What it takes to be a CNA? – Appropriate Observation Skills

In our everyday lives, we get to use all our senses in just about every day. We get to use our sight in choosing what color of dress would suit us, our sense of hearing to hear news around the world, sense of smell to savor the aroma of our mother’s new dish, sense of taste to know what makes up a local dish, and sense of touch to express our love for our love ones. But for those who are in the health care profession, the use of their senses is much more than that. They are used to observe any deviations that may put the patient’s life at risk. Being a Certified Nursing Assistant, it exactly asks you to do that. After all, you are the constant presence during a patient’s stay in the hospital. You spent almost all your working hours with them while meeting their needs. If anything happens, you are the first person to know or notice it. This is what it takes to be a CNA, having appropriate observation skills.

That is why a good or appropriate Observation skill is a must and come as very handy when working with patients. There are two things that a Nurse Aide should learn how to observe, and these are:

  • Subjective Observation
  • Objective Observation

Subjective observation is made up of everything that the patient had said to you. You take on what he said and that is where you make your observation on what he really feels or what he needs. A nurse aide can be considered by a patient to be his confidante, thus, he would readily tell you about everything. It is up to you to sort out what needs to be reported to the nurse without putting the patient’s privacy at risk. It is also important that when reporting subjective observation, the nurse aide should make an observation and not an assumption. She should report what he only hear and observe and not to make his own diagnosis. However, subjective observation, no matter how it came from the patient himself, cannot be measured and cannot be the only thing to rely on when making observation. Thus, the use of objective observation comes in. This is where you make use of all of your senses. You look out for any signs of bed sores on your patient’s skin, you smell for any signs of foreign odors such as the need to change diapers, you listen for Pulse as you take the blood pressure, and you feel for any signs of lumps on the patient’s skin. These things can be measured and can really tell the patient’s actual condition.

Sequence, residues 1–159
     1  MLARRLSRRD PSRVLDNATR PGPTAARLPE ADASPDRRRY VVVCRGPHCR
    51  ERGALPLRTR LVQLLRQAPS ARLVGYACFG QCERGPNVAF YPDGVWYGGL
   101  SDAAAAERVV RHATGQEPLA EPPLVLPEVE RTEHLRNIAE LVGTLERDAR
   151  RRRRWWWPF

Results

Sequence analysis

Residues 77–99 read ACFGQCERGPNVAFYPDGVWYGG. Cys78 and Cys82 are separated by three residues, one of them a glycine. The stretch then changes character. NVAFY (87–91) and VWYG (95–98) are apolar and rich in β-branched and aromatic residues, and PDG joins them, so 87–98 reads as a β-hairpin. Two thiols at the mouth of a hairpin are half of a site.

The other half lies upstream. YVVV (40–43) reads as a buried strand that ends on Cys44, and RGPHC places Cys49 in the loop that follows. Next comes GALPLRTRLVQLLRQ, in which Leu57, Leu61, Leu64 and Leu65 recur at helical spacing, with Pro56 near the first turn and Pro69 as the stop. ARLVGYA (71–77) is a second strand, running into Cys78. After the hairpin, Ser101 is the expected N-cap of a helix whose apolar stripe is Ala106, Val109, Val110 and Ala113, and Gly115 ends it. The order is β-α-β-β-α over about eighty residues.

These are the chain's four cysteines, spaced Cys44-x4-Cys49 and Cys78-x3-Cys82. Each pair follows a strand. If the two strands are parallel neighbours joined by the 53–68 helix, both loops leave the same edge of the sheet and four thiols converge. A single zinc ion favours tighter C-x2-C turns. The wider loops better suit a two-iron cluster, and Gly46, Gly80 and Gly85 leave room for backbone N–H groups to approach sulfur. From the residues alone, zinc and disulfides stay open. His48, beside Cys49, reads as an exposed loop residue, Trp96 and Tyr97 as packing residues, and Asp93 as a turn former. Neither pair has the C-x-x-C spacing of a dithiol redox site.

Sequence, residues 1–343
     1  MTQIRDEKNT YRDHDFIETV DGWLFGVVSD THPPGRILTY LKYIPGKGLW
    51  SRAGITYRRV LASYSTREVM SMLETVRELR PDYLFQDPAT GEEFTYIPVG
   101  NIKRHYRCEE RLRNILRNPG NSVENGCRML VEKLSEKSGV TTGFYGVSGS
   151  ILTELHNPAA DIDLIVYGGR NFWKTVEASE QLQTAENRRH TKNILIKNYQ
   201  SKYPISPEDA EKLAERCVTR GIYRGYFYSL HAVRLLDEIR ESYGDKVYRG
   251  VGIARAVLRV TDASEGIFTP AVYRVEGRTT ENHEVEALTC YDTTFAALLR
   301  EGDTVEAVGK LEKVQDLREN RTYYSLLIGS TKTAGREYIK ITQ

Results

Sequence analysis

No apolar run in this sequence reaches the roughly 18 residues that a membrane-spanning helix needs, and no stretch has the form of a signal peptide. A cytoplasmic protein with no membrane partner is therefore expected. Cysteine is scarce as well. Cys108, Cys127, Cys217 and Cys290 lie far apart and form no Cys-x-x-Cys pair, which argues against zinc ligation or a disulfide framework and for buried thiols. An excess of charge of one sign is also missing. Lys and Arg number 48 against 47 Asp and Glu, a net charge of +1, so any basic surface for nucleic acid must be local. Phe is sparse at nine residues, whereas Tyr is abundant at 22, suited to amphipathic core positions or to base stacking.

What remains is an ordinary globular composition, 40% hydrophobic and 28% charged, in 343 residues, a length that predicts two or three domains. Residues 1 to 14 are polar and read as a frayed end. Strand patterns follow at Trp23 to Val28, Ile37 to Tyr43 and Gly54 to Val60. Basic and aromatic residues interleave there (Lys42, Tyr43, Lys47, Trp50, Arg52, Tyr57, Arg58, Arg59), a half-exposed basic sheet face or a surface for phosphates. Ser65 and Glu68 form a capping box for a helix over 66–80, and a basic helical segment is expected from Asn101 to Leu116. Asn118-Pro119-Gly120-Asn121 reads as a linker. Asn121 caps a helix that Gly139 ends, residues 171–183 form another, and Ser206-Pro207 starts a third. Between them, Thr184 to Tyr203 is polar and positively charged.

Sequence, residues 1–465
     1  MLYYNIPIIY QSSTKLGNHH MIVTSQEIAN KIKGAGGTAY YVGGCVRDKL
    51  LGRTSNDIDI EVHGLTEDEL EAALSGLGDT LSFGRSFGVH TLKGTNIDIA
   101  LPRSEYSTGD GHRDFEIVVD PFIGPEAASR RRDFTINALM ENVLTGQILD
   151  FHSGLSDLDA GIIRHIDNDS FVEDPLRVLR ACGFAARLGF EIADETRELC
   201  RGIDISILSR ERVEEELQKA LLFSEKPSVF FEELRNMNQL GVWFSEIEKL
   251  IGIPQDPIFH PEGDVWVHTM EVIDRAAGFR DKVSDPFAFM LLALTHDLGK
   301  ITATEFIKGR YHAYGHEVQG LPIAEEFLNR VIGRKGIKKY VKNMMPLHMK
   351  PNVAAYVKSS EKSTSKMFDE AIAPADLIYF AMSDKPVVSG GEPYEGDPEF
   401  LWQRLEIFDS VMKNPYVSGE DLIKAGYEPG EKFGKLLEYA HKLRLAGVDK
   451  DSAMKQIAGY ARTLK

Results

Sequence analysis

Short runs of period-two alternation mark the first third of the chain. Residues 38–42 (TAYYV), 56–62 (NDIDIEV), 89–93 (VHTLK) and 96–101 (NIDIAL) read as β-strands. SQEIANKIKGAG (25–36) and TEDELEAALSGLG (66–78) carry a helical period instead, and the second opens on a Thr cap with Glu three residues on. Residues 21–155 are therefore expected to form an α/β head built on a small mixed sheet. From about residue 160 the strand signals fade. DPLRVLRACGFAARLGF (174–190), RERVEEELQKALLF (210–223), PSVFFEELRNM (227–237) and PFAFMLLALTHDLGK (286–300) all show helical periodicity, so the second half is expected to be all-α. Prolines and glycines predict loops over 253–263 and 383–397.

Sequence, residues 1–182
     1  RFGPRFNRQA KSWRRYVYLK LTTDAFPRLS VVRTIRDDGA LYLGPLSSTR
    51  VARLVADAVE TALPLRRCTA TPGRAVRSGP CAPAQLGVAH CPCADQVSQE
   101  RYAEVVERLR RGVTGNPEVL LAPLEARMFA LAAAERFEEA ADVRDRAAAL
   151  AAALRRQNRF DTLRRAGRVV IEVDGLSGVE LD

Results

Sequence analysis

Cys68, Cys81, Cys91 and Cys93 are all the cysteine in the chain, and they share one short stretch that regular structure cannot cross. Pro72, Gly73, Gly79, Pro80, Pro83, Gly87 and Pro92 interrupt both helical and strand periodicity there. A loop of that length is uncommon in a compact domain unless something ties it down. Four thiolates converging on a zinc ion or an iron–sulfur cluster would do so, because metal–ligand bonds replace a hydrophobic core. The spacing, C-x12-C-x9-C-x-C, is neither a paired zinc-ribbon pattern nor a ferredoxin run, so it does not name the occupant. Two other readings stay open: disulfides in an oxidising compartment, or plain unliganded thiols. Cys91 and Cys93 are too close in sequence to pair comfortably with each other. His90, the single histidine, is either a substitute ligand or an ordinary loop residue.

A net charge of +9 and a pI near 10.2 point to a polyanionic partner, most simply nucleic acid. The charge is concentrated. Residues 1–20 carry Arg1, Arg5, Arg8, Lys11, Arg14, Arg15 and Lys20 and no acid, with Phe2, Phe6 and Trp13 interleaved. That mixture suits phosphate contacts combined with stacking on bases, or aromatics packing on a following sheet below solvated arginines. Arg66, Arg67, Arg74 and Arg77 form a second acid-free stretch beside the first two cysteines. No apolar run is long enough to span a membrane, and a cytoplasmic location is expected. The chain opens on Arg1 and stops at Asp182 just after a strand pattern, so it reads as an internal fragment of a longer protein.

When using your observation skills, it is important to keep it accurate and to do it on a timely manner. After all, time is precious and should not be wasted just like life. So if you want to be a good CNA, then what it really takes to be one is a good observation skill.

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